Beaches are very much a matter of taste - and timing. Perilous for Government ministers in times of crisis, and for unwary walkers when the tide comes in too fast. A temporary home for sea anglers. Delightful in Connemara where breaking waves turn sea water into chilled champagne. And delightful, once you’ve avoided the sea-urchins, at the foot of the French Pyrenees where Matisse and the Fauvists came to paint.
The dazzling azure waters of the Mediterranean are seductive. Floating in the blue is a cheap, if partial, experience of weightlessness without being shot twenty miles into the air sitting on a fiery bomb. But in Summer you must dodge the ranks of human flesh cooking on sun-loungers to reach the sea. And then there are the jellyfish, water-skiers, speed boats, wind-surfers. Give me the ever changing grey, gritty waters of the North Sea off the East Anglia coast any day – or almost any day: sombre and Sebaldian or sparkling in the sun, crashing in on a strong easterly with spray turning to mist, or lapping gently and flat all the way to a sharp horizon, the shoreline temporarily domesticated by holidaymakers, children and dogs doing things you do on the beach. Dunwich with its choice of pebbles at high tide, emerging strips of sand at low, is a good place to begin acquiring a taste for the North Sea. No sun-loungers here.
Perhaps humanity evolved at the sea’s edge, experimented with being bipedal, taking advantage of the sea’s buoyancy. There does seem to be something hard-wired about beach behaviour. Family groups position themselves, in little camps, facing the sea at discreet distances from each other with their surrounding clutter: windbreaks, beach chairs, thermos flasks, backpacks. Small children – and parents - make sand-castles with intense concentration and seriousness, collect sea-water in buckets and dig out moats. But crossing that line between the beach and the sea is another matter: frantic retreats and compulsory screams at even the smallest wave whilst parents sit or lie or hurry to the rescue. The whole picture waiting for an Impressionist to capture its harmony and essential serenity.
Autumn, when swimmers have given up hope that the sea will get warm, is a surprisingly good time to start getting that taste for the North Sea. One or two fishing boats with huts for winding gear, a shed where retired fishermen can have tea early in the morning next to a fish-and-chip shop in a large free car-park, two dedicated benches sheltered from the wind. Even the occasional solitary seal, black dog’s head scanning the beach. Under the water the remains of the mediaeval town submerged by tidal changes, where a submarine could bump into a church tower. Inland it’s marshland, cows and skylarks. Turn through 360 degrees any season and it’s all beautiful.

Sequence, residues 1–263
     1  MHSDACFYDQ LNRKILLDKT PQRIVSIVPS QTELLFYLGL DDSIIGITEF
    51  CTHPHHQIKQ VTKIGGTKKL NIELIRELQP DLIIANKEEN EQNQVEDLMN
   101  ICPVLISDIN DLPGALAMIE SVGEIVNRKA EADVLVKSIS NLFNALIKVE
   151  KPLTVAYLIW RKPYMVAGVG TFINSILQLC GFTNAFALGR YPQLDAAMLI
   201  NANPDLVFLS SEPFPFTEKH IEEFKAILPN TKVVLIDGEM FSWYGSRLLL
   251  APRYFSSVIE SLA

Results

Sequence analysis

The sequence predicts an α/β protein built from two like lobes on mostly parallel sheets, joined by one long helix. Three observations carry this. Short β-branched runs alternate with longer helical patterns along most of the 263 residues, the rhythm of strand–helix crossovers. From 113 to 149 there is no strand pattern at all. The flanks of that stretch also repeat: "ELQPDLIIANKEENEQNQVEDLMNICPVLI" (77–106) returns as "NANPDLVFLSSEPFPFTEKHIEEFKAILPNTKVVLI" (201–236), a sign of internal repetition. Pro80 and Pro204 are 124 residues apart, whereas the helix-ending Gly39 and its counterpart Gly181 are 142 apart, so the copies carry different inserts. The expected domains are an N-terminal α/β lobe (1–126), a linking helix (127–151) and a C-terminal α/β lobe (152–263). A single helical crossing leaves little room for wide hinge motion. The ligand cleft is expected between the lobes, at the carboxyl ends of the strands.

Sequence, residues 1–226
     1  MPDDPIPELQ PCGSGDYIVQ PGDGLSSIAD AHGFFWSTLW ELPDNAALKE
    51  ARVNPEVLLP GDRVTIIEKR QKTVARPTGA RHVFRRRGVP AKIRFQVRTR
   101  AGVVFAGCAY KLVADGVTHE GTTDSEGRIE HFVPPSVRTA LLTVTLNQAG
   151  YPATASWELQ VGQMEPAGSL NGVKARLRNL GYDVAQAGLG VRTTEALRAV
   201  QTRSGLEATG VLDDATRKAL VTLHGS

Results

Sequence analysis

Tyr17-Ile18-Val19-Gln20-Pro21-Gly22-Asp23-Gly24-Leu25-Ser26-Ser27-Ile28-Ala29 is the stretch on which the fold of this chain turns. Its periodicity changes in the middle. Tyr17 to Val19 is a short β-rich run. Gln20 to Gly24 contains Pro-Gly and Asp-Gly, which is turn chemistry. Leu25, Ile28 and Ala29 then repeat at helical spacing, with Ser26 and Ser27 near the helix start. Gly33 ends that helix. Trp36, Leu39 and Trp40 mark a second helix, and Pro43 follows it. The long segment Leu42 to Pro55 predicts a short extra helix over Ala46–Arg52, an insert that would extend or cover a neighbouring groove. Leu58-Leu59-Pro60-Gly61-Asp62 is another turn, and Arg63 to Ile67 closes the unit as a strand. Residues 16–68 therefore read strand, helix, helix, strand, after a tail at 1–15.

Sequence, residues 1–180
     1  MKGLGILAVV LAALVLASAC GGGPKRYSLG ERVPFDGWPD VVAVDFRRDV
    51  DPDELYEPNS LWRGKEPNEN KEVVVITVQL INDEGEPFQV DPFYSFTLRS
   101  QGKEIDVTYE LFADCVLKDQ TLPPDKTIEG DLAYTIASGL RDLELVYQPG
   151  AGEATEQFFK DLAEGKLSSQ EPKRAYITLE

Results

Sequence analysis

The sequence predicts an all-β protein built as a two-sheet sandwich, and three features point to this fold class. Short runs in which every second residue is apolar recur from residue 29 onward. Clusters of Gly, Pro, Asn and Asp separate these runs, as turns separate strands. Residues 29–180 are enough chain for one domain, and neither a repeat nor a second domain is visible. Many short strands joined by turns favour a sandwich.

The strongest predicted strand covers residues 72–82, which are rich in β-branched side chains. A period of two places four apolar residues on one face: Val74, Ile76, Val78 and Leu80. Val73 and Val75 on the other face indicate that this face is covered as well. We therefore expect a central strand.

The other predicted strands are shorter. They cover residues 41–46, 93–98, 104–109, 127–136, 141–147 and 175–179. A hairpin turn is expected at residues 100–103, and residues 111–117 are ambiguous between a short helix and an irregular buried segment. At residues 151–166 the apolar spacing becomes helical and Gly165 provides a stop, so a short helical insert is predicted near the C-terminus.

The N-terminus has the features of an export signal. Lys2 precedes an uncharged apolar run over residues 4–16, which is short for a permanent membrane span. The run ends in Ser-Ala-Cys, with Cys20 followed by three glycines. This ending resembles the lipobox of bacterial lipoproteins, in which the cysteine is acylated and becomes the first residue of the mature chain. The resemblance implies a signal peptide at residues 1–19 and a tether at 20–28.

By October, coach parties and school-trips have dwindled and sea anglers become the sole true occupants of the beach. There are plenty of brisk dog walkers and the occasional detectorists following the line of the cliffs, methodically sweeping the pebbles and sand like security officials dealing with a radioactive leak from nearby Sizewell, always one lucky day away from an Anglo-Saxon horde of gold, making do meanwhile with lost rings, silver groats and a skull or two from a mediaeval graveyard that is slipping into the sea as the cliffs crumble.
This is the time and place to talk with fishermen and to hear the lovely, but increasingly rare, gentle Suffolk accent, the beach a special place where you have permission to chat to strangers or simply be alone. And it is usually men fishing. They walk determinedly from the car park, laden with long black holders with their rods and tripods and one-man canvas shelters or big black umbrellas against the elements, plus modest provisions for many hours fishing. When they’ve chosen a spot quite high up the beach, there will soon be three lines taught against the current, running out to sea well above head-height, and similar little encampments dotted along the seashore. It is a timeless scene.
Talking to fishermen and watching them cast is another beach pleasure. With a ‘multiplier’ reel and correct handling of the rod, press the button on the spool and the lead weight with hook and bait flies an enormous distance through the air. The most skilled can accurately cast two hundred metres or more. A turning, high or low tide is generally thought to be a good time to land fish. A ‘bass sea’ is one that is rough. You catch flatfish, dabs, on calmer days. But these fishermen are not just Man as hunter and provider. Nor are they simply escapees from work and family. They are Man as contemplative - and when asked they agree. Those one-man shelters are temporary hermitages, the fishermen short-stay hermits gazing at the power of Nature. Sometimes two friends fish together but there’s not a lot of conversation. The sight and sound of the sea, its spiritual effect, is deeply calming.
There, contemplating the immensity of the ocean, with time measured in tides, and space by the shifting sea, the Dunwich angler experiences some of the wonder of creation, disturbed only by freeing a line that has just got snagged. And watching and talking with them on Dunwich beach you begin to understand why Jesus of Nazareth chose men fishing with nets on the vast lake, the Sea of Galilee, to be his companions.
See TheArticle 21/10/2021